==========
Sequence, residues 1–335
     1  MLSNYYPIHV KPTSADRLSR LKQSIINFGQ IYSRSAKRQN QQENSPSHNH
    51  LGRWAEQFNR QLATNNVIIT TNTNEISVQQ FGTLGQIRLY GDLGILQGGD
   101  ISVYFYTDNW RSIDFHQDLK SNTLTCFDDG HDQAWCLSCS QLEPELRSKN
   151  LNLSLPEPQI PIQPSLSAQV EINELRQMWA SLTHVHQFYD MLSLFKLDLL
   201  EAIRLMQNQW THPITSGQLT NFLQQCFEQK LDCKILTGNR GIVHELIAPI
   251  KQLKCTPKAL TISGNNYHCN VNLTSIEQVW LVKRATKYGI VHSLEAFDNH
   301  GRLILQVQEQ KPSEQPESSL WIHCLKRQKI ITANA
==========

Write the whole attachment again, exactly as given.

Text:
Sequence, residues 1–335
     1  MLSNYYPIHV KPTSADRLSR LKQSIINFGQ IYSRSAKRQN QQENSPSHNH
    51  LGRWAEQFNR QLATNNVIIT TNTNEISVQQ FGTLGQIRLY GDLGILQGGD
   101  ISVYFYTDNW RSIDFHQDLK SNTLTCFDDG HDQAWCLSCS QLEPELRSKN
   151  LNLSLPEPQI PIQPSLSAQV EINELRQMWA SLTHVHQFYD MLSLFKLDLL
   201  EAIRLMQNQW THPITSGQLT NFLQQCFEQK LDCKILTGNR GIVHELIAPI
   251  KQLKCTPKAL TISGNNYHCN VNLTSIEQVW LVKRATKYGI VHSLEAFDNH
   301  GRLILQVQEQ KPSEQPESSL WIHCLKRQKI ITANA